I could have spent up to an extra hour of study time trying to rhyme or alliterate those points – but why? It would have meant that much less time to create content. And my congregation would have taken home an outline like this instead:

  • God’s Protection
  • Our Rejection
  • Sin’s Deception
  • The Believer’s Selection
  • The Family Connection

I know that feels a lot more like a sermon to some of us. But those five points are less real, less understandable and less applicable to real life than the five full sentences I used.  And the third point doesn’t really rhyme anyway!

(Gotta tell you, coming up with a way to rhyme those points for you was almost painful for me. I haven’t exercised those muscles in a long time.)

 

Real Life Doesn’t Rhyme

Instead of playing linguistic games, here’s an idea. Let’s produce better content.

Then let’s put it in a format that matches the way people really live their lives today.

Real life doesn’t rhyme.

 

So what do you think? Do you have any other preaching ideas we can use?

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(Finger Boxes photo from Tsahi Levent-Levi • Flickr • Creative Commons license)

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20 thoughts on “Why I Don’t Trust Sermon Notes that Rhyme – And What I Do Instead”

  1. I have D.Min. in expository preaching and I have used devices like alliteration. It’s even taught in some of the text books we were required to read. But what you are saying makes good sense. Clarity is far more important for sermon structure than cuteness. Thanks! I needed this.

    1. I was taught the same way, Paul. And it made sense then. It may even make sense in some settings, still. But things are changing – fast. I’m glad this helped you. It’s always good to have another valuable communications tool in our pockets.

  2. I have D.Min. in expository preaching and I have used devices like alliteration. It’s even taught in some of the text books we were required to read. But what you are saying makes good sense. Clarity is far more important for sermon structure than cuteness. Thanks! I needed this.

    1. I was taught the same way, Paul. And it made sense then. It may even make sense in some settings, still. But things are changing – fast. I’m glad this helped you. It’s always good to have another valuable communications tool in our pockets.

  3. Karl, good stuff man! We have to unlearn from of those old habits. I’ll never forget a message I heard my college president give on the waterpots used at the wedding feast in Cana, the ones Jesus changed the water into wine in. He had three one world points… 1. Emptied 2. Empowered 3. Employed. I remember it because of its remarkably ridiculous nature as a message from a Bible College President!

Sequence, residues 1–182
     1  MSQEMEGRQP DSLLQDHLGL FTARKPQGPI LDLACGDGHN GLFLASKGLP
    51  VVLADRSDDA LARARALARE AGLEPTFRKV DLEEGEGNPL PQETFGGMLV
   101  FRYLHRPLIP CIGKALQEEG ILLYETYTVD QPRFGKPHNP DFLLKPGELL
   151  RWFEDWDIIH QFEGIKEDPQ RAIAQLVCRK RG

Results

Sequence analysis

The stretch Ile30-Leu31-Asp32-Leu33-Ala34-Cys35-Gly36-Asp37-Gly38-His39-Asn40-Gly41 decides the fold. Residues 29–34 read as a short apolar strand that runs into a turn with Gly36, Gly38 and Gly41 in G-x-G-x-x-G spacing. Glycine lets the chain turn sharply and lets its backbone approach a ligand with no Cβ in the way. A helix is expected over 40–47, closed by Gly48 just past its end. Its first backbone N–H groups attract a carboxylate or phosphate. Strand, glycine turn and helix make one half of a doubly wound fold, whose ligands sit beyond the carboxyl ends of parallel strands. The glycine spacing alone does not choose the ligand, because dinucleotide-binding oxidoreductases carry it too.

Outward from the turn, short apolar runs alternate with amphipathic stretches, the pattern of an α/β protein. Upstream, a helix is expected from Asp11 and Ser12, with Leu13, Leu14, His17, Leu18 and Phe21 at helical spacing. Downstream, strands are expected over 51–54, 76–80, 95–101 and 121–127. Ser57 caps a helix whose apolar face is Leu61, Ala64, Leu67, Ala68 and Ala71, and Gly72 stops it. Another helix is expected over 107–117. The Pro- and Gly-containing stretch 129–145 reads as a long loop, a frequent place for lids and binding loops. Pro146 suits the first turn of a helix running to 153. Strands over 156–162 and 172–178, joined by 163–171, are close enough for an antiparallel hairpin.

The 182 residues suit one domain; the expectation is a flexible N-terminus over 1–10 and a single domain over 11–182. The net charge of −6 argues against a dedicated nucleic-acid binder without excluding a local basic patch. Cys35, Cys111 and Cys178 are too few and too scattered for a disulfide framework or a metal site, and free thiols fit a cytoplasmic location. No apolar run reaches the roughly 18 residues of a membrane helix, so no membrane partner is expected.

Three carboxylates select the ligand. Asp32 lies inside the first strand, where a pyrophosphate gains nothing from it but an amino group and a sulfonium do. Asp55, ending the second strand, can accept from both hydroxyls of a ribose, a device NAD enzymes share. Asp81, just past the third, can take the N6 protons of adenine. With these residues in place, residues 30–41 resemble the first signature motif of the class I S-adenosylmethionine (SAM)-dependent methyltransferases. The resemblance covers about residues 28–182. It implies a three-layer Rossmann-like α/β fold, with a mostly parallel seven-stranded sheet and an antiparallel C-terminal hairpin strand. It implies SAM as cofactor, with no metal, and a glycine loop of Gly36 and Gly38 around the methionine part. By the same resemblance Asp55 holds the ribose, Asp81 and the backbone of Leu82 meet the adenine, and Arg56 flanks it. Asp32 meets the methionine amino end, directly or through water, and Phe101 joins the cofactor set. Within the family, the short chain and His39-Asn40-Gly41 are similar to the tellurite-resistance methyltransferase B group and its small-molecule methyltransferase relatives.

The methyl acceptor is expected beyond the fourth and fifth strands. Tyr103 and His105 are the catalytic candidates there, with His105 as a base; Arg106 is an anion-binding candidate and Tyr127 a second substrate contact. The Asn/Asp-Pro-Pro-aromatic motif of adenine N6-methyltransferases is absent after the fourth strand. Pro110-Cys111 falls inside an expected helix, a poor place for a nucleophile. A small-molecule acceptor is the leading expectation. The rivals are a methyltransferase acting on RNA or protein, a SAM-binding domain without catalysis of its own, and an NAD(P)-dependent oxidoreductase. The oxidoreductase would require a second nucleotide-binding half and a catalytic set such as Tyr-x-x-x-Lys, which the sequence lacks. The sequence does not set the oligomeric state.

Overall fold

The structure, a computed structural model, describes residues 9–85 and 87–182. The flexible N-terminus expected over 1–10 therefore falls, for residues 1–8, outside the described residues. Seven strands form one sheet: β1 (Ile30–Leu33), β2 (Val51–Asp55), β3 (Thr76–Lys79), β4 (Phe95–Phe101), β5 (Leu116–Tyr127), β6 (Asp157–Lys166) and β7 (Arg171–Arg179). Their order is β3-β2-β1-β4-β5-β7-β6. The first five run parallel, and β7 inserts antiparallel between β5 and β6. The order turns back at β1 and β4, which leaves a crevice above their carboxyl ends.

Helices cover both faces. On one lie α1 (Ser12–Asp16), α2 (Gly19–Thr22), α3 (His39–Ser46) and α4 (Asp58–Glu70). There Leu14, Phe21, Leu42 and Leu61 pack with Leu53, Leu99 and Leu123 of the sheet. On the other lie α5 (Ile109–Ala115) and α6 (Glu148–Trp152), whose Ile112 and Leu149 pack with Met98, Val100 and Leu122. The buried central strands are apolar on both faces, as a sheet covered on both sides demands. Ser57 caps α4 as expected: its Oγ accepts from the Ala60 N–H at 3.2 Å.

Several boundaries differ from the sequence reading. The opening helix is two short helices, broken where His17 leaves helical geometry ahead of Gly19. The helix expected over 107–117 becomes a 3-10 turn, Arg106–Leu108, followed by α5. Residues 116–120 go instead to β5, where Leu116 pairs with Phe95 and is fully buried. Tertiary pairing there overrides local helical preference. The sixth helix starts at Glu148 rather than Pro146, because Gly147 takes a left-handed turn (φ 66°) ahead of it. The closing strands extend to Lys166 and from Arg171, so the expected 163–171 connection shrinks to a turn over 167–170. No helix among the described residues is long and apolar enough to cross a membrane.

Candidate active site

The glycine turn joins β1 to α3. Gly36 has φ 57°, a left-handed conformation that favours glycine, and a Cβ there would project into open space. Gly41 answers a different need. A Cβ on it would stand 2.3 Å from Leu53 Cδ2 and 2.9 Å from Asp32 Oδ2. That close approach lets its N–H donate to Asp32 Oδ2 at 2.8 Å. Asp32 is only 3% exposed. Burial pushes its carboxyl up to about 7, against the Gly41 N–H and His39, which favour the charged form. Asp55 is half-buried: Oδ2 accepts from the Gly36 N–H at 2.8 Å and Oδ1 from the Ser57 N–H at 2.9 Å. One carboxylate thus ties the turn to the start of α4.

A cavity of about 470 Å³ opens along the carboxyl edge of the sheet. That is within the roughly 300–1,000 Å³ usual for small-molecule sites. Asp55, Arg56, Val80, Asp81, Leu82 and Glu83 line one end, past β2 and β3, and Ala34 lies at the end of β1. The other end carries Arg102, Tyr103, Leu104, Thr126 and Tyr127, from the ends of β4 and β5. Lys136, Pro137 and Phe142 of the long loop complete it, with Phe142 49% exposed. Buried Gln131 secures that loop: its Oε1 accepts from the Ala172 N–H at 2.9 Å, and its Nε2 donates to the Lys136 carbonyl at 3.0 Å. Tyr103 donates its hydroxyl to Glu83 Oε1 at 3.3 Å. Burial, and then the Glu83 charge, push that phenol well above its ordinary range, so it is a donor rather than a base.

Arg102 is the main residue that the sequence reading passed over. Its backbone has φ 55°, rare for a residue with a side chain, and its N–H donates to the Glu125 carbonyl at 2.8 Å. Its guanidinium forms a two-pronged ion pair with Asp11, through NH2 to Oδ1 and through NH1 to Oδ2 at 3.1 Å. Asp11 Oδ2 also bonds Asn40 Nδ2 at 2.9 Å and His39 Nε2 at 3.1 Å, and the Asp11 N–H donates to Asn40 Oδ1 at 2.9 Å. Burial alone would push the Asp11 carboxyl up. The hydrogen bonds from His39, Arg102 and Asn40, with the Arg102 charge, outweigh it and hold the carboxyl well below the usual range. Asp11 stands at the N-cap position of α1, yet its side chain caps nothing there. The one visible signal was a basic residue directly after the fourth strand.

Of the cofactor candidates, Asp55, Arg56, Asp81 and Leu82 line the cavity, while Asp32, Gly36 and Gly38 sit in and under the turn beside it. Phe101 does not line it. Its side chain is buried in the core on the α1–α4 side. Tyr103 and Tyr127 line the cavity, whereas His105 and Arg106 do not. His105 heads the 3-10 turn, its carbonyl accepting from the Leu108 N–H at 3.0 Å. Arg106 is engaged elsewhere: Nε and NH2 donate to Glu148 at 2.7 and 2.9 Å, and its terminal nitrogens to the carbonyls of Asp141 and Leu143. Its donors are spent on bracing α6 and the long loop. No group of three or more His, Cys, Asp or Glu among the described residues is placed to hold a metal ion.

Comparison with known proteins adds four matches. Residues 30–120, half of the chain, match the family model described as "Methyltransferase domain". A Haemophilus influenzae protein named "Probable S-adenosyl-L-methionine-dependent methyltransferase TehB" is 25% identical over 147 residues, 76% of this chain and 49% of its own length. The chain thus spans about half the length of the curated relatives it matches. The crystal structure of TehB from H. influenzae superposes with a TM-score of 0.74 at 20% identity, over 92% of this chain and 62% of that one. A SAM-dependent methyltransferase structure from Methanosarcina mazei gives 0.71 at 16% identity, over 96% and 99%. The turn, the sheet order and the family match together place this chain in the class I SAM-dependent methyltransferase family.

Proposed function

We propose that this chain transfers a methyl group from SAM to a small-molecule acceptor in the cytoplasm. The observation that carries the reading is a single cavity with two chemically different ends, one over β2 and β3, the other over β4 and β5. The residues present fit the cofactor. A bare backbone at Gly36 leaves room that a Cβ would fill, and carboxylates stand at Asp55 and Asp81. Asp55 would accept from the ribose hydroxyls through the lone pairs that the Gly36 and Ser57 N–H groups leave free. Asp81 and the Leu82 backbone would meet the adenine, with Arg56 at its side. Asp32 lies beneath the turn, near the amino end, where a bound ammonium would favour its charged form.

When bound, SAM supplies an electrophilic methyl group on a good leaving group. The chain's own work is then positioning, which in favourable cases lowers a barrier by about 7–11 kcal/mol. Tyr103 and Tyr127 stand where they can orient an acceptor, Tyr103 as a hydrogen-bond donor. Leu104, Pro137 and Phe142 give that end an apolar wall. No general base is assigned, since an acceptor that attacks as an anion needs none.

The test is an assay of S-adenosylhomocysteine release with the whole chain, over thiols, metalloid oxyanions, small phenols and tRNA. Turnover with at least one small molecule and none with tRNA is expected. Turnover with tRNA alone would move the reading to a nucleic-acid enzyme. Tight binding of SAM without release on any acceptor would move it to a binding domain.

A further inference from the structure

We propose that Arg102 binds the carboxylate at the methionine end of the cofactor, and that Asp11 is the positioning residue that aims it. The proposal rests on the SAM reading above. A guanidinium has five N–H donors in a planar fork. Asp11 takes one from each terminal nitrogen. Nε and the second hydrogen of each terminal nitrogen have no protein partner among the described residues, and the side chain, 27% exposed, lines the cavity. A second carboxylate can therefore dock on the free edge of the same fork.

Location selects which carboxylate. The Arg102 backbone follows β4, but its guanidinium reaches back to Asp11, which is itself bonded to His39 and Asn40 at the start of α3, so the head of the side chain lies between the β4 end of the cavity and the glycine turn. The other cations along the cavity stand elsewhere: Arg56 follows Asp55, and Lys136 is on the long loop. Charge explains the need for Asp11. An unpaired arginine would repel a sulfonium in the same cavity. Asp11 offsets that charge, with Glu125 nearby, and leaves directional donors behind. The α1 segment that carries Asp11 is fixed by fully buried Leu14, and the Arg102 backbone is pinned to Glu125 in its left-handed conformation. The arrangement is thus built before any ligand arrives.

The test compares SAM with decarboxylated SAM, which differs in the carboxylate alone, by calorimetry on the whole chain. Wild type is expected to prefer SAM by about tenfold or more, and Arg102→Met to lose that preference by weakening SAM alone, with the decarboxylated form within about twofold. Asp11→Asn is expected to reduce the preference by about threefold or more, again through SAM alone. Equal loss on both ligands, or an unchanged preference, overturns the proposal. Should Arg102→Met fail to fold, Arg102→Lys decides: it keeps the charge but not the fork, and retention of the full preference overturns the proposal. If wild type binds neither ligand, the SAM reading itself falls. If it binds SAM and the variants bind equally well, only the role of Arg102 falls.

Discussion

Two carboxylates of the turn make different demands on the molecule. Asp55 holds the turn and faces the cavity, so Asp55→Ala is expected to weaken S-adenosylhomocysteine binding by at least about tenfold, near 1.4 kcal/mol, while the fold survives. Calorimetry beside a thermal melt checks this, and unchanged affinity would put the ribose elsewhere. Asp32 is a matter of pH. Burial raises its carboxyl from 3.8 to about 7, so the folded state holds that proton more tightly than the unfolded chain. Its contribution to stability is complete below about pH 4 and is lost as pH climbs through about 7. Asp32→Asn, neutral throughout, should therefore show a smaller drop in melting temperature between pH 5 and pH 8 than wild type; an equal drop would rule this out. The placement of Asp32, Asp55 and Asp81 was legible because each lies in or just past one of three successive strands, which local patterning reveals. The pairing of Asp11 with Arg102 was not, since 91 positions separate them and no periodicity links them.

Yes, it was cute, and maybe even memorable, but it made no real sense to the teaching of that passage. I realized some time ago that my messages should be two things: encouraging/helpful, and engaging. Is that three things?? 🙂 If it’s not helpful and engaging, I’ve lost.

    I also like your complete sentences for points. Makes much more sense to the reader. They don’t have to translate the alliterated point in their minds.

    1. Thanks, Jeff. It is interesting how the “need” to rhyme or alliterate has made otherwise good speakers create bad outlines, just to make them fit the rhyme scheme. And you’re right about the alliteration putting an addition barrier between the speaker and the listener by giving them something they need to interpret. I never thought of it exactly that way.

  4. Karl, good stuff man! We have to unlearn from of those old habits. I’ll never forget a message I heard my college president give on the waterpots used at the wedding feast in Cana, the ones Jesus changed the water into wine in. He had three one world points… 1. Emptied 2. Empowered 3. Employed. I remember it because of its remarkably ridiculous nature as a message from a Bible College President!

    Yes, it was cute, and maybe even memorable, but it made no real sense to the teaching of that passage. I realized some time ago that my messages should be two things: encouraging/helpful, and engaging. Is that three things?? 🙂 If it’s not helpful and engaging, I’ve lost.

    I also like your complete sentences for points. Makes much more sense to the reader. They don’t have to translate the alliterated point in their minds.